I have a gun and I drink at Starbucks - I did so TWICE today in support of this cause and I will continue to do so as long as they resist those dark forces who forget that the rights of gun owners must also be considered. It's a constitutional right my family and I will exercise. There are millions of guns in legal hands. A few of those owners have a screw loose however the vast majority of us will only use our firearms in the defense of our families. Why should the actions of the few dictate how the rest of us must behave? Our police are excellent however they will not be in my home or respond fast enough if a home invasion occurs that threatens the safety of my family. I will stand in defense and use deadly force if need be.
on February 18,2012 | 04:59PM
Kokoy wrote:
You drank coffee at Starbucks, in Hawaii carrying a gun? Lucky you having that concealed permit to carry, wish i could get one.
on February 19,2012 | 10:49AM
Changalang wrote:
Guns don't kill people; coffee kills people? Strong logic.
on February 18,2012 | 05:09PM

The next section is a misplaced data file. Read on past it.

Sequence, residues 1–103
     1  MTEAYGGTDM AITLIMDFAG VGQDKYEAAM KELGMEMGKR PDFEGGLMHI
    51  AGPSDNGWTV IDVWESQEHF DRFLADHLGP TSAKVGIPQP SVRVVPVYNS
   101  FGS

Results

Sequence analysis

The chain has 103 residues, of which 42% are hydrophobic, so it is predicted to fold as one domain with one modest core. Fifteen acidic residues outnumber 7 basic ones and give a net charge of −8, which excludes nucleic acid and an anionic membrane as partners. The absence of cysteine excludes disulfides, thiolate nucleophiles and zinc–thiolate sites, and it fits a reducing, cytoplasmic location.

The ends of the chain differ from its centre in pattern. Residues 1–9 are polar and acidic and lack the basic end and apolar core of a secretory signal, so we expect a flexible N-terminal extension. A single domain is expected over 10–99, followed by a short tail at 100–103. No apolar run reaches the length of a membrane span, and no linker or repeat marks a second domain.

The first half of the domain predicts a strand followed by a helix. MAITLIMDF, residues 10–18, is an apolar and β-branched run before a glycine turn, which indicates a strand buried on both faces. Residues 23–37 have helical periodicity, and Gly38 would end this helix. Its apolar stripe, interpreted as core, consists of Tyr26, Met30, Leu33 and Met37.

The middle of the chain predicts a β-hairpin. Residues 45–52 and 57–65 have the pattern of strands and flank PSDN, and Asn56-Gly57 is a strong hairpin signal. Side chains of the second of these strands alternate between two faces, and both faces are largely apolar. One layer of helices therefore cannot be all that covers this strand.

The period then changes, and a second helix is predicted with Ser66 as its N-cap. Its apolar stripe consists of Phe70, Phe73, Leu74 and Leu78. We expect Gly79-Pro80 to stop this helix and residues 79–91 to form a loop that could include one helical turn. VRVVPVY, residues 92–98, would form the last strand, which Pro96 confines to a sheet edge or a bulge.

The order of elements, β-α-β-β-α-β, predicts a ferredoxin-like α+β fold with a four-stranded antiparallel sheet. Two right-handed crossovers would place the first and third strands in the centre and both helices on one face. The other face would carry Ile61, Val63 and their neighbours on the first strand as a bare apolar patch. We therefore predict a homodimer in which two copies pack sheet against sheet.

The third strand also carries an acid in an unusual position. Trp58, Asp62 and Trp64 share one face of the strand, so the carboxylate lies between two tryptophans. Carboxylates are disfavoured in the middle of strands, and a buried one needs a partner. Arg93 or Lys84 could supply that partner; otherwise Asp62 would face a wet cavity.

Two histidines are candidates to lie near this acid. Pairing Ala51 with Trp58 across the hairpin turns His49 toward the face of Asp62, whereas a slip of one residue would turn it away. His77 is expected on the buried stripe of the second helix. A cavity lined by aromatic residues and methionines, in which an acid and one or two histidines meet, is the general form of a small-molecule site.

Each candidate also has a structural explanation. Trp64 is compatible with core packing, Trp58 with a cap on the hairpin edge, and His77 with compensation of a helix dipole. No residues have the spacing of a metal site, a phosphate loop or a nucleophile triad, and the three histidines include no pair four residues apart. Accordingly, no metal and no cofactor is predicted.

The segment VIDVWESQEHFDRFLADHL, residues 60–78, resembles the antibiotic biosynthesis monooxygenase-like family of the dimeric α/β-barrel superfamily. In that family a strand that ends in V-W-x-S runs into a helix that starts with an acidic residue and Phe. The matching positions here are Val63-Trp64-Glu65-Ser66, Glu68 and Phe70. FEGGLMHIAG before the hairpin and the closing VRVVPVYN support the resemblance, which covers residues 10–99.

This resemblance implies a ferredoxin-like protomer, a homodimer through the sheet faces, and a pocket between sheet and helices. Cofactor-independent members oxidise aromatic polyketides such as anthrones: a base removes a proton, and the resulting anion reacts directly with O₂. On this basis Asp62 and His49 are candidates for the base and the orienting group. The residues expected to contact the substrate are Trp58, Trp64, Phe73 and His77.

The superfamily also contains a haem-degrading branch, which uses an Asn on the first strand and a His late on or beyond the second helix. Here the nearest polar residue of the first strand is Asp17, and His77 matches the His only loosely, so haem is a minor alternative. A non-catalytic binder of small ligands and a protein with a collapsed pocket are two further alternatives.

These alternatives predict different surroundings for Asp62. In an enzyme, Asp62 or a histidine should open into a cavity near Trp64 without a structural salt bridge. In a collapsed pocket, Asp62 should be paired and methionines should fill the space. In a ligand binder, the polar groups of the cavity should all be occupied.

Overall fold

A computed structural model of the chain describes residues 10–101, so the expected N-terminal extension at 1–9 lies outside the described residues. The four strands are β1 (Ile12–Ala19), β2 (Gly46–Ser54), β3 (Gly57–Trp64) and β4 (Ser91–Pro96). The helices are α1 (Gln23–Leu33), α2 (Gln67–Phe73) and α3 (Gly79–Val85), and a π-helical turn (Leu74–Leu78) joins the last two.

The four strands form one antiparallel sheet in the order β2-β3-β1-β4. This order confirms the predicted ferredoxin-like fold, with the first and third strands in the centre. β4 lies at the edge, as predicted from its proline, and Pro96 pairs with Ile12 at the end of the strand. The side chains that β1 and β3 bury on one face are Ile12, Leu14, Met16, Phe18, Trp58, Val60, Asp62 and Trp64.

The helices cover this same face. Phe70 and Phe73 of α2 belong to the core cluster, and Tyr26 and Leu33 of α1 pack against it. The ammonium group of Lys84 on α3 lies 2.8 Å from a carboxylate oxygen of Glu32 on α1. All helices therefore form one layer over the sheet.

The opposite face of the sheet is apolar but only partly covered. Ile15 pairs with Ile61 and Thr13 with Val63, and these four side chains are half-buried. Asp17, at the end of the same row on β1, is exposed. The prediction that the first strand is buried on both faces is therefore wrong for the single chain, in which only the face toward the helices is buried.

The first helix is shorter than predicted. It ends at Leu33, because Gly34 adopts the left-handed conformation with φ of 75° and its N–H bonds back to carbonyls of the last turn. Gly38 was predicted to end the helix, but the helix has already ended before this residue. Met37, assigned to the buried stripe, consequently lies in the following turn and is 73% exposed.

stingray65 wrote:
Changalang, if Guns don't kill people, does cars, vehicles kill people? That is another most logic. Why does cars still runs all over the place.. yesterday, an off duty police officer, a SGT. run over the pedestrian. Confiscate his vehicle too? Here in Hawaii, only people carry firearms are, Police Officer, Security Officers, Military, and drug dealers.. How about the good citizen? What are we? Just a Target? Anyone break in my home, he does not deserve to live.. PERIOD!!
on February 19,2012 | 11:03AM
Carang_da_buggahz wrote:
When guns are outlawed, only outlaws will have guns. Yeah, what we need are more gun laws. Rrrrright! The Anit-Gun nuts naiveté just floors me. No one ever accused them of having intelligence.
on February 18,2012 | 06:18PM
johncdechon wrote:
This comment has been deleted.
on February 19,2012 | 08:20AM
hawaiikone wrote:
Not sure if you want the commenter to arm himself or not. He seems opposed to more gun laws, which is certainly appropriate.
on February 19,2012 | 10:05AM
johncdechon wrote: